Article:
When I came across this unusual bag at Fiorucci, I started to wonder how I could incorporate it in a photo. What could I put in it to make it an interesting part of a composition. I took it home and started handling it, which I do with a lot of my props, as it helps me to concentrate. I at last stuck my head in it in front of the mirror and for me, that was the picture. All I needed was a backdrop.

I had a selection of three rooftops next to the power station, all of which I used. This was the closest one to it. I had bought a mirror as a prop and found I was able to throw light with it also. A policeman came along and threw us out. Apparently, people would steal lead from the roofs and sometimes commit suicide off them. We moved to a new location. It was a red-letter day for me because it became the first time I shot a topless picture.

On clear land next to Vauxhall Bridge was a carpark. I like the red and yellow colour combination and got the model to stand in front of it. I shot some pics with her face for her portfolio but this is what I wanted. A headless body almost standing to attention.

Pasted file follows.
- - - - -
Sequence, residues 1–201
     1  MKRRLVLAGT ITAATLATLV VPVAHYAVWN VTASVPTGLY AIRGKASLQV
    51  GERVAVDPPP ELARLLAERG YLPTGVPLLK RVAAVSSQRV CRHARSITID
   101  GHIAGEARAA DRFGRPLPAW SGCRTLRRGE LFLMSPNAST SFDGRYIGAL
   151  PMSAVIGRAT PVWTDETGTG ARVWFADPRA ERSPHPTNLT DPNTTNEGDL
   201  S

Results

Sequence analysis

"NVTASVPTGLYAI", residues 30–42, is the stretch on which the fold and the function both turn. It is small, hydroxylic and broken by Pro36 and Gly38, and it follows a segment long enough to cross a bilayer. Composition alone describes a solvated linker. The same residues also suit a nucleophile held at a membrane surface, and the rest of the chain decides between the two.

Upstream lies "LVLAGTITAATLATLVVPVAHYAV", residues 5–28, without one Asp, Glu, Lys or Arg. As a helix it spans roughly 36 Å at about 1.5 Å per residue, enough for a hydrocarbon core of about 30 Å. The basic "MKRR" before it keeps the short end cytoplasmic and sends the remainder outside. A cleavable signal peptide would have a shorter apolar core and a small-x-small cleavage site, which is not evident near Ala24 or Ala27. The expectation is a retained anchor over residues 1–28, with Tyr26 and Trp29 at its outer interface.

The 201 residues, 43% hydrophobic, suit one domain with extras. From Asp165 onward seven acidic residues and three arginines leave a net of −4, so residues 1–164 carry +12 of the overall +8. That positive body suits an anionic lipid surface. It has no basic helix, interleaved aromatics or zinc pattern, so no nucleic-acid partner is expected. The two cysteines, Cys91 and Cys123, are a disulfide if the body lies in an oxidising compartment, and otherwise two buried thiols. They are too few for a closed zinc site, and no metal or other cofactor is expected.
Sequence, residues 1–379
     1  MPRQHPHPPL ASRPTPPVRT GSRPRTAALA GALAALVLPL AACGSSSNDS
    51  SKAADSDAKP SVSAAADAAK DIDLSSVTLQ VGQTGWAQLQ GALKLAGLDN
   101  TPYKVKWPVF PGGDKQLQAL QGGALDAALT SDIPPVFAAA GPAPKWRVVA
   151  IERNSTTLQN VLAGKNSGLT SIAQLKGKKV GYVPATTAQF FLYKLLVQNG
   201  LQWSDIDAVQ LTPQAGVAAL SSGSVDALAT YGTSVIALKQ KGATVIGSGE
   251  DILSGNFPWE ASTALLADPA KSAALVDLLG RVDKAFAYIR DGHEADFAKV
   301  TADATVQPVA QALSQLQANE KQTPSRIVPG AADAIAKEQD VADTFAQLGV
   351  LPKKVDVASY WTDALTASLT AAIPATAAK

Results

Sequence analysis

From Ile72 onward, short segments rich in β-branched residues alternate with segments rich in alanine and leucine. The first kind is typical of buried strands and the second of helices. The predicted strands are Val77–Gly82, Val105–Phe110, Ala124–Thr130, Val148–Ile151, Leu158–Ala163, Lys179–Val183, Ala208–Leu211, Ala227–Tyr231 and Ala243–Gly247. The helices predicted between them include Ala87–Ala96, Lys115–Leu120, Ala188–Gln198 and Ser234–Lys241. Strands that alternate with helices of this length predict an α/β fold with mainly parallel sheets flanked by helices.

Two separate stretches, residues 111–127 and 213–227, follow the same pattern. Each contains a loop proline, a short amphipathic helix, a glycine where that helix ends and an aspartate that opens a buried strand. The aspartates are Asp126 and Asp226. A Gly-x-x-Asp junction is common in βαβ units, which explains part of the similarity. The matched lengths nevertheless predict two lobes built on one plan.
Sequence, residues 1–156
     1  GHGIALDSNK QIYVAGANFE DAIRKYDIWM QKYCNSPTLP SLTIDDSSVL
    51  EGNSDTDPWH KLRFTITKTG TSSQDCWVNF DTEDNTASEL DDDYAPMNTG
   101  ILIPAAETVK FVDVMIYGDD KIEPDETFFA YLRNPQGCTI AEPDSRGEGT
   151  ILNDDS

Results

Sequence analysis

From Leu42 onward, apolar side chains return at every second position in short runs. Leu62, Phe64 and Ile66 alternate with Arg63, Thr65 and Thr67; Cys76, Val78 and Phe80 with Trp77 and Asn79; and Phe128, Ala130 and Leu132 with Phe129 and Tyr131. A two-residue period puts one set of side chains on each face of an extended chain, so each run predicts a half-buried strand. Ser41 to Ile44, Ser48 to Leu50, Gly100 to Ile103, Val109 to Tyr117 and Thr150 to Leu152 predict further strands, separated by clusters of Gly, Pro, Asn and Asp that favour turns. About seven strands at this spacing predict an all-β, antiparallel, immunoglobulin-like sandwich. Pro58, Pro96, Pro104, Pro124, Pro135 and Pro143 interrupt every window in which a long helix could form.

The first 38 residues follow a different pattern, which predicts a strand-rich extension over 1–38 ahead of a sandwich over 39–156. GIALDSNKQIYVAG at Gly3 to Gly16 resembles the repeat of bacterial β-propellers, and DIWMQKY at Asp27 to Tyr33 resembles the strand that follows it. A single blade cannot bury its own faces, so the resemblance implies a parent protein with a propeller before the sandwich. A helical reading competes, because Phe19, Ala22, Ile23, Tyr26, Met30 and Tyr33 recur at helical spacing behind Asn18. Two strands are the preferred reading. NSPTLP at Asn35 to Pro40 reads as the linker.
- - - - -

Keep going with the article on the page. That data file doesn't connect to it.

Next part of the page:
I contacted this model through an agency and she lived near the sea on the south coast. I thought a trip to the seaside would make a change and caught the train down to Camber Sands. It was windy and there was a lot of sand blowing about. In fact, there is still sand in the rotating mechanism of my flash to this day. I saw the retired couple sunbathing and thought it would make a nice shot. Just had to slow the shutter speed enough.

It ended up as the cover of a photographic magazine. My first ever cover. The reporter came to interview me and did a portrait of me with my very distinctive portfolio case. It was clear Perspex and had pictures of Jesus on the front and the Virgin Mary on the back and my name underneath. When it was published, I walked into a tube carriage carrying the case and there was a woman reading the magazine. She eyed me and I became very self-conscious. People used to stop me to admire the case. Especially the Irish – they love their Catholic kitsch. In the end, I bought a tartan bag with a shoulder strap in which to carry it.

The thing about shooting outdoors is you can get some unplanned happy accidents. It could be an interesting cloud formation, a bird flying through the frame or whatever. In this case it was the lens flair over one eye. The location was under the Heathrow flight path and I waited for the plane but never saw the flair. I would have done if I had used aperture preview but I did not. When it came out of the developing tank and I saw it, I was delighted as it fit into my then style of wholly or partially obscuring faces. Later that afternoon, I shot a nude of her in a doorway, which was the first nude I ever shot.